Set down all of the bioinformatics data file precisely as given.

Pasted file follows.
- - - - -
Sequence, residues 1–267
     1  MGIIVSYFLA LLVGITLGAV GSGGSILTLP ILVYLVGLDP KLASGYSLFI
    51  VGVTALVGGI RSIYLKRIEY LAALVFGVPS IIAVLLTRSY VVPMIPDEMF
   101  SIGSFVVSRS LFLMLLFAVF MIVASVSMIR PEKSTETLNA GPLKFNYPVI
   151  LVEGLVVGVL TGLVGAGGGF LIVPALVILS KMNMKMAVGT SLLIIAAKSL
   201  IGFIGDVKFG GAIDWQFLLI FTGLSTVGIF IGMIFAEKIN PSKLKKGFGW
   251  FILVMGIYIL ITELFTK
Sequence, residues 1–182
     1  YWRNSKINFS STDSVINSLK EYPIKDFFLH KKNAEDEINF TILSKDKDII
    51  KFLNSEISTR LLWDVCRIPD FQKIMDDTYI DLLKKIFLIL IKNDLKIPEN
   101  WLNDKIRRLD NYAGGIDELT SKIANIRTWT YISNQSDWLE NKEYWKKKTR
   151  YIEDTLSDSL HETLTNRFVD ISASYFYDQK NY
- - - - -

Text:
Sequence, residues 1–267
     1  MGIIVSYFLA LLVGITLGAV GSGGSILTLP ILVYLVGLDP KLASGYSLFI
    51  VGVTALVGGI RSIYLKRIEY LAALVFGVPS IIAVLLTRSY VVPMIPDEMF
   101  SIGSFVVSRS LFLMLLFAVF MIVASVSMIR PEKSTETLNA GPLKFNYPVI
   151  LVEGLVVGVL TGLVGAGGGF LIVPALVILS KMNMKMAVGT SLLIIAAKSL
   201  IGFIGDVKFG GAIDWQFLLI FTGLSTVGIF IGMIFAEKIN PSKLKKGFGW
   251  FILVMGIYIL ITELFTK
Sequence, residues 1–182
     1  YWRNSKINFS STDSVINSLK EYPIKDFFLH KKNAEDEINF TILSKDKDII
    51  KFLNSEISTR LLWDVCRIPD FQKIMDDTYI DLLKKIFLIL IKNDLKIPEN
   101  WLNDKIRRLD NYAGGIDELT SKIANIRTWT YISNQSDWLE NKEYWKKKTR
   151  YIEDTLSDSL HETLTNRFVD ISASYFYDQK NY